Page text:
GRUMPY AND LETHARGIC, Carol Moore, 12, arrives at your emergency department with her mother. Mrs. Moore says that Carol had a mild case of the flu a week ago and seemed to be recovering. But yesterday, she vomited repeatedly and started sleeping a lot, waking up very irritable. As you escort Carol to a stretcher, she starts screaming and resists being examined.
What's the situation?
Mrs. Moore tells you that Carol can't swallow pills, so she took chewable aspirin for her fever during the flu. You take Carol's vital signs: respirations, 24; pulse, 110; and temperature, 980 F (36.70 Q. Carol is disoriented but follows commands, her pupillary reaction is brisk, and her oculocephalic reaction is normal. You see no evidence of jaundice.
What's your assessment?
Based on Carol's history and signs and symptoms, you suspect Reye's syndrome, characterized by acute encephalopathy and liver failure. It can rapidly progress to coma and death.
The classic scenario is a child who's taken aspirin after a viral illness during the winter-but Reye's syndrome can affect anyone at any time of year, with or without aspirin use. The lethargy and personality changes that occur early in Reye's syndrome are caused by impaired neurologic function secondary to cerebral edema.
Treatment is primarily supportive. Your top priority is to address the cerebral edema and protect Carol from permanent neurologic damage.
What must you do immediately?
Carol is breathing on her own, so you administer 4 liters/minute of supplemental oxygen via nasal cannula and attach a pulse oximetry probe to her finger so you can monitor her SPO^sub 2^ Start an intravenous infusion of 10% dextrose in 0.9% sodium chloride solution: Hypoglycemia is common in Reye's syndrome. Draw blood for liver function tests, coagulation studies, blood glucose level, and routine chemistries. Also obtain a blood specimen to check Carol's serum salicylate level. Prepare Carol for a thorough neurologic examination, lumbar puncture, and cerebrospinal fluid (CSF) analysis to rule out other infections, such as encephalitis and meningitis. In some cases, a liver biopsy may be ordered for a definitive diagnosis. Obtain a more in-depth health history from Mrs. Moore.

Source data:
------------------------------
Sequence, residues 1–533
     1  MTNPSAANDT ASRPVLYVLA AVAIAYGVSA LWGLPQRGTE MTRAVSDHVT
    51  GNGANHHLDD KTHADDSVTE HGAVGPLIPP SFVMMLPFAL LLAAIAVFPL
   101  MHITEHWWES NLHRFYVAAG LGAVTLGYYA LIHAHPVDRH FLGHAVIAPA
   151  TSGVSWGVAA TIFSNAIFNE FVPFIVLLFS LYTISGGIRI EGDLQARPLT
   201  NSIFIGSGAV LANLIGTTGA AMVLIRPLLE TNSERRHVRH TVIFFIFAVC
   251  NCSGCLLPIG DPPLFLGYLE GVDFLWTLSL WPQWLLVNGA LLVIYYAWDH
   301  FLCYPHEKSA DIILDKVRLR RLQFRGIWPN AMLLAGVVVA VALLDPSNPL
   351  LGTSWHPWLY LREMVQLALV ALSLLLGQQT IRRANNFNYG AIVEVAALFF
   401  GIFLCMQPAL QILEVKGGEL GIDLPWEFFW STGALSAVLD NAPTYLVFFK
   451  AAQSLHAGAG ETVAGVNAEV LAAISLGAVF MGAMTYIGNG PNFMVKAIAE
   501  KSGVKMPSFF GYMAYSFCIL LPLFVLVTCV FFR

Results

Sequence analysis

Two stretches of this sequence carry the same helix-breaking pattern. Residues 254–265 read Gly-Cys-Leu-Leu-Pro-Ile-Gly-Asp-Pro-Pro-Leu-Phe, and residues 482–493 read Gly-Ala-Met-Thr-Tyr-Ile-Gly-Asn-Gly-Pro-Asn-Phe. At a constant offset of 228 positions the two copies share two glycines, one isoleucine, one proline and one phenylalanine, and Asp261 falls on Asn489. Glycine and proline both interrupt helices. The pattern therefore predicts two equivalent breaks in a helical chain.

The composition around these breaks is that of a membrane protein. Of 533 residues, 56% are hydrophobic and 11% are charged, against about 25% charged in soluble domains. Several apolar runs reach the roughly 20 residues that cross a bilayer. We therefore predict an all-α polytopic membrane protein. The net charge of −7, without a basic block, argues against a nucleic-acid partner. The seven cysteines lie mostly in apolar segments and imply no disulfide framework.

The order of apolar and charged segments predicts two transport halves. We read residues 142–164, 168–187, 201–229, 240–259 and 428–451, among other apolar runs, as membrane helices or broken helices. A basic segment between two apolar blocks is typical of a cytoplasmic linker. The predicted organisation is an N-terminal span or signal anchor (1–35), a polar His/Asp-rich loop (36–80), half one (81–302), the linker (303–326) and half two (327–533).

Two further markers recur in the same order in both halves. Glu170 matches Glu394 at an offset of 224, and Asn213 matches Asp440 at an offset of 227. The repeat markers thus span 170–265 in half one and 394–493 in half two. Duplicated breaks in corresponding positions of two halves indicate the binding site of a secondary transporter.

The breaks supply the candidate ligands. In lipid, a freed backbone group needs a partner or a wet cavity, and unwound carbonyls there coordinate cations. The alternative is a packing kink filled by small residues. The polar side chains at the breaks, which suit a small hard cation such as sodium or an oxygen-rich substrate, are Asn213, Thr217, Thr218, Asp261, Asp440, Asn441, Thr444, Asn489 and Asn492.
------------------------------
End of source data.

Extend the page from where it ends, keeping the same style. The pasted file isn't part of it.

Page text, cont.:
Abnormal lab values include aspartate aminotransferase and alanine aminotransferase of 200 units/liter (normal is 0 to 40 units/liter), low blood glucose, prolonged prothrombin and partial thromboplastin times, elevated blood urea nitrogen and creatinine, and elevated serum ammonia. The CSF analysis rules out other infections.
What should be done later?
Carol is admitted to the pediatric intensive care unit, where her neurologic status and serum lab studies will be closely monitored. Carol will receive corticosteroids to reduce brain swelling. She may receive small amounts of insulin to increase glucose metabolism and vitamin K to aid in coagulation. If her condition worsens, she may need to be intubated and mechanically ventilated.
Carol is discharged home 10 days later with no permanent neurologic damage. Explain to Mrs. Moore that children under age 19 shouldn't take aspirin or other products containing salicylates during a febrile illness. Inform her that antinausea and cold medications may contain salicylates.
Advise her to check with Carol's health care provider before giving any medication when Carol is feverish. She can also contact the National Reye's Syndrome Foundation, Inc., at 1-800-233-7393 for more information or visit its Web site at http://www.bright.net/~reyessyn.
BY TERRY LEE DOIRE, RN,C, BSN
Nurse-Manager, Labor and Delivery Unit * Baptist Medical Center * Jacksonville, Fla. Adjunct Instructor * Florida Community College at Jacksonville * Jacksonville * Jacksonville, Fla.
Copyright Springhouse Corporation Dec 1999
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